In the exceedingly rare instances in which clinical efficacy is the only barrier to a new drug’s approval, new FDA-funded research from FDA and Stanford found that the agency does not have a consistent standard for defining “substantial evidence” when flexible criteria are used for an approval.

The research comes as the FDA is at a crossroads with its expedited-review pathways. The accelerated approval pathway is under fire as the agency recently signed off on a controversial new Alzheimer’s drug, with little precedent to explain its decision. Meanwhile, top officials like Rick Pazdur have called for a major push to simplify and clarify all of the various expedited pathways, which have grown to be must-haves for sponsors of nearly every newly approved drug.

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Jay Bradner (Jeff Rumans for Endpoints News)

Div­ing deep­er in­to in­her­it­ed reti­nal dis­or­ders, No­var­tis gob­bles up an­oth­er bite-sized op­to­ge­net­ics biotech

Right about a year ago, a Novartis team led by Jay Bradner and Cynthia Grosskreutz at NIBR swooped in to scoop up a Cambridge, MA-based opthalmology gene therapy company called Vedere. Their focus was on a specific market niche: inherited retinal dystrophies that include a wide range of genetic retinal disorders marked by the loss of photoreceptor cells and progressive vision loss.

But that was just the first deal that whet their appetite.

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FDA hands ac­cel­er­at­ed nod to Seagen, Gen­mab's so­lo ADC in cer­vi­cal can­cer, but com­bo stud­ies look even more promis­ing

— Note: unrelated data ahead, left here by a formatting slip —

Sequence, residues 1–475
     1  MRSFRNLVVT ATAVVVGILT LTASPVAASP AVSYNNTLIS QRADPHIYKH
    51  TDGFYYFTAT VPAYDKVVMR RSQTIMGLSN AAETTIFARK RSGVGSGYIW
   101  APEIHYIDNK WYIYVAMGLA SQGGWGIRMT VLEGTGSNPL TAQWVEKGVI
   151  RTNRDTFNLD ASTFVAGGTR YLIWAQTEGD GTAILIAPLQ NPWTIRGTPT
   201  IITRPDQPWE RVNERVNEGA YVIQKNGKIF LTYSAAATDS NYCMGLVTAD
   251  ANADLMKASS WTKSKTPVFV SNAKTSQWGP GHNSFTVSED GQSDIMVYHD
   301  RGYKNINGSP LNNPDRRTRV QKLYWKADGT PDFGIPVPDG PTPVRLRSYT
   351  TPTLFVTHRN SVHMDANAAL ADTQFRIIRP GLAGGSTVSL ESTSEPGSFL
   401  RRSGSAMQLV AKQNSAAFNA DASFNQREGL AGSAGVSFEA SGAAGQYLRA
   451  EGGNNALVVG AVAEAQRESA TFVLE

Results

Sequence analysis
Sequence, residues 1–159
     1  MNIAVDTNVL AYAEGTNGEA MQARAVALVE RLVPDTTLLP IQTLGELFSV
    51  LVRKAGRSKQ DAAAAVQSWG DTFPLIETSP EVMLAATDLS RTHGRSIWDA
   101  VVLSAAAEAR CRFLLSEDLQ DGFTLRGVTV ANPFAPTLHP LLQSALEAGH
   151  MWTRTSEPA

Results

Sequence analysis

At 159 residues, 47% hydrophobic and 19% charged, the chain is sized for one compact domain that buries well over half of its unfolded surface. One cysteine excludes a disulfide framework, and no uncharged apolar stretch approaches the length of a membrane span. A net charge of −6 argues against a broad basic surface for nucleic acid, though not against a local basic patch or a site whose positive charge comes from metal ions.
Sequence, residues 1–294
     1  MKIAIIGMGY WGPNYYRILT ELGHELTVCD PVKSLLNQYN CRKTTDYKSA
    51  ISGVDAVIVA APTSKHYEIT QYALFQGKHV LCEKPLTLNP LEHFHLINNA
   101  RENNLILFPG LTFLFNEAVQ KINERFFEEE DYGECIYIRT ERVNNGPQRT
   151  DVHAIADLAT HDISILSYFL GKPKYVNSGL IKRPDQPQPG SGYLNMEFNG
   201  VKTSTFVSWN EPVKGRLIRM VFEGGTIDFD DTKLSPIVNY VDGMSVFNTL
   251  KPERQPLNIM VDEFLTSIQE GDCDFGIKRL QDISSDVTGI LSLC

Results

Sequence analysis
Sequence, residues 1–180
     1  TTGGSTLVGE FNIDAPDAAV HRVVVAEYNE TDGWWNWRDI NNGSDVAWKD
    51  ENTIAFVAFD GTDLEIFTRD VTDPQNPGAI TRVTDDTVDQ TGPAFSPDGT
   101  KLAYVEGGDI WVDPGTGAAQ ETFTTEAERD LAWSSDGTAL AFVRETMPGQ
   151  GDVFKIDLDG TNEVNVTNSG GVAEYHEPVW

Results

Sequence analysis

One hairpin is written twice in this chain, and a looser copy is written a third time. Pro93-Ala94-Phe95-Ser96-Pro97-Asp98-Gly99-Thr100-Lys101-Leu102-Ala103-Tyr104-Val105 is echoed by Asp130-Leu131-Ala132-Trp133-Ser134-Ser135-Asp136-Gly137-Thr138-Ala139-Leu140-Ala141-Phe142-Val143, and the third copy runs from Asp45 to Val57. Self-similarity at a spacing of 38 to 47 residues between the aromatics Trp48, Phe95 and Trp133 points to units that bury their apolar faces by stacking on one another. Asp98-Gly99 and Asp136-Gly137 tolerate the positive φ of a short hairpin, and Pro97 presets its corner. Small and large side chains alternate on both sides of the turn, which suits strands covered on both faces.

Biopharma’s resident antibody-drug conjugate expert Seagen has scored a clutch of oncology approvals in recent years, finding gold in what are known as “third-gen” ADCs. Now, another of their partnered conjugates is ready for prime time.

The FDA on Monday handed an accelerated approval to Seagen and Genmab’s Tivdak (tisotumab vedotin-tftv, or “TV”) in second-line patients with recurrent or metastatic cervical cancer who previously progressed after chemotherapy rather than PD-(L)1 systemic therapy, the companies said in a release.

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A week before the FDA is set to decide on Mirum Pharmaceuticals’ lead liver disease drug — an old Shire cast-off called maralixibat — Takeda is swooping in to secure the rights in Japan.

Maralixibat’s roots trace back to Lumena, which was snapped up by Shire for $260 million-plus back in 2014. While the candidate had failed mid-stage studies at Shire, Mirum believes better trial design and patient selection will deliver the wins it needs. The drug is currently in development for Alagille syndrome (a condition called ALGS in which bile builds up in the liver), progressive familial intrahepatic cholestasis (PFIC, which causes progressive liver disease) and biliary atresia (a blockage in the ducts that carry bile from the liver to the gallbladder).